It’s important to note there’s a wide rage of “virtual shows” these days, from live-streams on laptops to online 3D worlds that turn artists into cartoonish characters. AmazeVR’s concerts are of the high-production VR variety. The firm pre-records 3D, live-action videos of artists like Megan and inserts them in computer-generated worlds post-production.
Meanwhile, real life shows are rebounding. Beverly Hills-based Live Nation reported that its first-quarter revenues skyrocketed from $290.6 million in 2021 to $1.8 billion this year. But SM’s deal with AmazeVR marks a meaningful endorsement of VR shows as in-person concerts return.
Launched in 1995, SM is one of South Korea’s largest entertainment companies and helped popularize the now global phenomenon of K-Pop. Its roster of artists and groups include Girls' Generation, Red Velvet, Exo and Aespa—a new pop girl group that just reached a partnership deal with Warner Records and played their first U.S. live show at Coachella this year.
“We’ve had a great interest in this market and see the opportunity for our artists in the metaverse,” Lee said in a statement. “AmazeVR shares the same vision for this next generation of music.”
Sign up for dot.LA’s daily newsletter for the latest news on Southern California’s tech, startup and venture capital scene.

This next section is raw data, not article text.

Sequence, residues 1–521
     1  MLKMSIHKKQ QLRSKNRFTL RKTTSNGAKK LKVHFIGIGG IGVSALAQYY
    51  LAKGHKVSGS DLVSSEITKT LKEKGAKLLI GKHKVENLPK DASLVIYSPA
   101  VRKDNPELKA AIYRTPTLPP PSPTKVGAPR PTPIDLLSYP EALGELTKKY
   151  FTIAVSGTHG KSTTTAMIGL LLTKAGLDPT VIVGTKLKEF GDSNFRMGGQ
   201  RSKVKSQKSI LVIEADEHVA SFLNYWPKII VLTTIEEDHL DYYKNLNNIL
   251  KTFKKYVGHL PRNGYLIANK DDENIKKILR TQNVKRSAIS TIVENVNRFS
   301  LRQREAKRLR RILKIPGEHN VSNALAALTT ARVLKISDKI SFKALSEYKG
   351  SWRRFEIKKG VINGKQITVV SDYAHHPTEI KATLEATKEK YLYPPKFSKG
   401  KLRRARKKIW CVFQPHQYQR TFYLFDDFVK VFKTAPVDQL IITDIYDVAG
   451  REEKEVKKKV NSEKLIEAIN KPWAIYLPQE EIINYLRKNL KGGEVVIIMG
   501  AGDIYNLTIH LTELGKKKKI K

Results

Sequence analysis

A Megan Thee Stallion concert is coming to Los Angeles, but the Grammy-winning rapper won’t be at the show — at least not physically.
On Monday, Megan announced the launch of a virtual reality concert “tour” that will allow fans in 10 U.S. cities to gather in movie theaters, strap on VR headsets and watch the rapper perform a pre-recorded set. The tour—dubbed “Enter Thee Hottieverse”—is produced by AmazeVR, a West Hollywood virtual reality startup that recently raised $15 million to bring VR concerts to music fans.
Virtual reality concerts have grown in popularity during the pandemic and are emerging as a metaverse-related business opportunity. But whereas other VR shows let fans watch from home, Megan and AmazeVR are betting that fans will want to gather at the same place to share a virtual experience. The startup claims the shows mark the “first-ever” VR concert tour.